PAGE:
‘Hello?’ I beg, but silence. Suddenly a warm candlelight brightens the room further in the far corner and my pupils adapt. Shackles hang on every cobblestone wall covered in moss exuding from all crevices. My nose is assaulted by the damp mildew odour combined with the smell of sweet rotting vegetation in the stagnant puddles. This causes me to gag and I dry retch. The walls are striped with crimson that has encrusted into the stone, indicating the walls have been unused for a while. The dank air leaves a bitter taste in the back of my mouth and I feel I am isolated from any civilisation. As I draw breath, I can hear it, a grey, brown skittering creature drawing near; pestilence-spreading, scavenging, wild vermin. It’s huge. Keep still, Amelia. Don’t make a move. It’s drawing near, only inches away from my face as it closes in from a wooden beam that hangs close towards me. Vicious claws poised. Stay still, Amelia, my subconscious advises as the most pernicious form of wild vermin to crawl the earth scurries towards me. My breathing accelerates, my eyes widen and I mumble, ‘“Ring around the rosy, a pocket full of posies, a tissue, a tissue, we all fall down”.’ I can hear my breath coming out in short gasping pants and it becomes harder to breathe with every breath loud and forced. Then, fear lodges itself firmly in my throat as if tightening its hold around my neck. My voice is hoarse and strangled and I release a scream as loud as a blood-curdling scream could be and I close my eyes and screech again as the rat draws nearer.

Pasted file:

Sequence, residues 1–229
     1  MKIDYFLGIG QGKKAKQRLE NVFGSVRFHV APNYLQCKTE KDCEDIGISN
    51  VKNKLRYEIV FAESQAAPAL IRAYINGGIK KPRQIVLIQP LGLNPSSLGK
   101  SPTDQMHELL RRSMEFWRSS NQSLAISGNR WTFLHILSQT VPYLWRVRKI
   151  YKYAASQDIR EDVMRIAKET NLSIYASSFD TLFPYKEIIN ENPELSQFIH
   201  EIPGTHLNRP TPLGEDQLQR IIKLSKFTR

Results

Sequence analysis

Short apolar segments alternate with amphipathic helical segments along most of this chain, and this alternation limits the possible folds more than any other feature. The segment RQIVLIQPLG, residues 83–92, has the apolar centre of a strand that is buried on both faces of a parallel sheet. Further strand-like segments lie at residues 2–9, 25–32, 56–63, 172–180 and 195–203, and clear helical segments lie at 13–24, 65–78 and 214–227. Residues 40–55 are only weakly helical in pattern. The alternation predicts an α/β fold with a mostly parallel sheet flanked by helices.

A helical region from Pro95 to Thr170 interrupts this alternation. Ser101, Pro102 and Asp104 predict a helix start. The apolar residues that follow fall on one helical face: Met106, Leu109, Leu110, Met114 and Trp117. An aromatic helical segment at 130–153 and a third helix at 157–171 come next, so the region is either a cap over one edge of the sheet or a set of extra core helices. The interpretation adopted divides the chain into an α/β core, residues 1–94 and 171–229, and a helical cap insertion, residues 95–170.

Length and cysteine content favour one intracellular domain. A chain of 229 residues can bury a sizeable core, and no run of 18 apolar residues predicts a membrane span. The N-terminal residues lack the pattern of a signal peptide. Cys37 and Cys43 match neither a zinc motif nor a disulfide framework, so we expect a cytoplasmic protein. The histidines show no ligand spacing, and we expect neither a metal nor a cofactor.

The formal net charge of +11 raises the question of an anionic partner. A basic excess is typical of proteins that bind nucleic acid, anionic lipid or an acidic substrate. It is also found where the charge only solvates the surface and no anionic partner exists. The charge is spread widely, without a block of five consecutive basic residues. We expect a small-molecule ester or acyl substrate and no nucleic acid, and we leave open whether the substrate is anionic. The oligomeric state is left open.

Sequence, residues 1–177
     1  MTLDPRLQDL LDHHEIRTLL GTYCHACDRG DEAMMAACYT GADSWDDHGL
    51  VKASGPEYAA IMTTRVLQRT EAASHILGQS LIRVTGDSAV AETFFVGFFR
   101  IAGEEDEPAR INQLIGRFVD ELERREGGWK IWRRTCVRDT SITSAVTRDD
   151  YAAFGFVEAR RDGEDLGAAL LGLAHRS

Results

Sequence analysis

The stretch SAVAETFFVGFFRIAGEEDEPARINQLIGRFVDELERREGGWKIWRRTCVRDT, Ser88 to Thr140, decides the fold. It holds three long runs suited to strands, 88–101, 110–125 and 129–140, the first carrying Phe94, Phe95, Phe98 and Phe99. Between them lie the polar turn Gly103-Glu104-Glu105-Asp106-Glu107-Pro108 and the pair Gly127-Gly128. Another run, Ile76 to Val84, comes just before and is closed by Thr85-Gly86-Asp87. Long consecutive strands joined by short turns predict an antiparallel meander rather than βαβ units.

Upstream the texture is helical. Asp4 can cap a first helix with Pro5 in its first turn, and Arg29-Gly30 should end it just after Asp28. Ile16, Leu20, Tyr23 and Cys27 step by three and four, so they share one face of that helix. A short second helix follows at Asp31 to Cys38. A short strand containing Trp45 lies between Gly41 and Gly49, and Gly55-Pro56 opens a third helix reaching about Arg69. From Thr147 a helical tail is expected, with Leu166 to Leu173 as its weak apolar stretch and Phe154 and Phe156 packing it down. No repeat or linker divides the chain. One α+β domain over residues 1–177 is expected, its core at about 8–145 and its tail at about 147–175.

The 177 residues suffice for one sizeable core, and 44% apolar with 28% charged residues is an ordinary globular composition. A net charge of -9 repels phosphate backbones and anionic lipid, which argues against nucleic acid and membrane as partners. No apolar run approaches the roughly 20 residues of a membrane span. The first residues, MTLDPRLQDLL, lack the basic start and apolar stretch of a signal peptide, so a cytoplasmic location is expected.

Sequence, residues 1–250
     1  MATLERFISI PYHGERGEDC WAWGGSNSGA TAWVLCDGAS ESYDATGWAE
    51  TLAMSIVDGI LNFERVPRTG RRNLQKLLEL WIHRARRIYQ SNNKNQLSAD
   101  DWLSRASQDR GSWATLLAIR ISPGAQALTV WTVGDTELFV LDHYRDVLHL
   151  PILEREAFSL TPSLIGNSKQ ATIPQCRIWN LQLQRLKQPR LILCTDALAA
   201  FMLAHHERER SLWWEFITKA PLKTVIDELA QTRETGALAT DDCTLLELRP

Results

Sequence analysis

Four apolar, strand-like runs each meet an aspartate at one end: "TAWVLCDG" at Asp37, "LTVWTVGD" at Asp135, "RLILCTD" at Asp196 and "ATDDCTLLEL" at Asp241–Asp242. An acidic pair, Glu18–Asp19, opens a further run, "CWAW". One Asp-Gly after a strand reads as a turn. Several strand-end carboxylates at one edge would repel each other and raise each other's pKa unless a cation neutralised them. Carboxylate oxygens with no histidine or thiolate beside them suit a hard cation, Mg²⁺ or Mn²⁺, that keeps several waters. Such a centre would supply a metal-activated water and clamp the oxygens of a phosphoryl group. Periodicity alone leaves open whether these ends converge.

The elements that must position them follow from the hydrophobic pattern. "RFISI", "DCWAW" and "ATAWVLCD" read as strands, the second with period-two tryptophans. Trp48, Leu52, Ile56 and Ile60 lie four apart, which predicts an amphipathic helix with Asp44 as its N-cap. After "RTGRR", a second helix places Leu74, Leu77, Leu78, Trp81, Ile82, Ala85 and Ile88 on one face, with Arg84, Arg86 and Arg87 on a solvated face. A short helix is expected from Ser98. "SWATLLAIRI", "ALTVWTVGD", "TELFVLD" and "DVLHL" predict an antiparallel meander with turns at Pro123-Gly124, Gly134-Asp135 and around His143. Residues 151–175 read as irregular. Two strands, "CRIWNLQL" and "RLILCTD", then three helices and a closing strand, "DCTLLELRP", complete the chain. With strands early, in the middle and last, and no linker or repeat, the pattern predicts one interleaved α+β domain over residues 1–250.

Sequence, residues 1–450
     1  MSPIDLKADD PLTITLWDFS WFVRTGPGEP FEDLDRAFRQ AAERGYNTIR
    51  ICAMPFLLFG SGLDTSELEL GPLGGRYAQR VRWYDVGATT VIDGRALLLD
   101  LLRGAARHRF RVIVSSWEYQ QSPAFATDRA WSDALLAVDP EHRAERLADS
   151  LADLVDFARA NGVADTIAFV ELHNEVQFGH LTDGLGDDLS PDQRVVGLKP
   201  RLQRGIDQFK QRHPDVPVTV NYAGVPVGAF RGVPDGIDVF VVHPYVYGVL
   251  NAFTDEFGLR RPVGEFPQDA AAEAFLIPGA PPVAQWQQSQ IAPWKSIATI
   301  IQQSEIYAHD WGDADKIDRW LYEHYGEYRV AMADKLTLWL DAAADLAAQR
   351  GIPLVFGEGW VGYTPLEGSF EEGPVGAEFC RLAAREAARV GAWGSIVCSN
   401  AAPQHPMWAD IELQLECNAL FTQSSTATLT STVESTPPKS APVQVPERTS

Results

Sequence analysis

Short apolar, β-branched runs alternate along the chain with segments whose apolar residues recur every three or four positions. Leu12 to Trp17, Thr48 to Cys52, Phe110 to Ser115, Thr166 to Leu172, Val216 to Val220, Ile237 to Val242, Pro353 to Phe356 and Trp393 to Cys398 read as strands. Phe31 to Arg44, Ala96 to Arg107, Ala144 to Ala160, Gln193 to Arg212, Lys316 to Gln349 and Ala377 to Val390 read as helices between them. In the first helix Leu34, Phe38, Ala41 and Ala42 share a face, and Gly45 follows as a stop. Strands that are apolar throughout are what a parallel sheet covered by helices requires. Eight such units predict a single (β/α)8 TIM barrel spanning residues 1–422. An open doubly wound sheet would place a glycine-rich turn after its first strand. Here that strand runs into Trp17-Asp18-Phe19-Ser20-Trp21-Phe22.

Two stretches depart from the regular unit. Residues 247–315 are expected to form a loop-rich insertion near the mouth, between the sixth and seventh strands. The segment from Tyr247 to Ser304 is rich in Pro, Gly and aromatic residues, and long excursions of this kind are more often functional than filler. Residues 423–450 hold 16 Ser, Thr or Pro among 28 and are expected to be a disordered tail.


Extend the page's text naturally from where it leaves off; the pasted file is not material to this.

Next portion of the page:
I open one eye. The rat has gone and music kills the deathly silence; violin and piano music that I’ve heard before. “Fractals with Chi Mai” by Ennio Morricone. As the music’s volume increases, tears descend my face, my heart leaps, thundering against my chest like a startled caged bird. As the light graces the side of my face the dulcet melody of strings sings in my ears and my heart fills with wondrous emotions impossible to have at a moment like this. The bow graciously glides across the strings, more than just music but the harmonious singing of a mockingbird. The auditory signal used for him to express his ballad of love. Each and every note to me, and I sigh at the marvellous sound as the flood gates open again. It is a hurting tune if not perfectly fitting.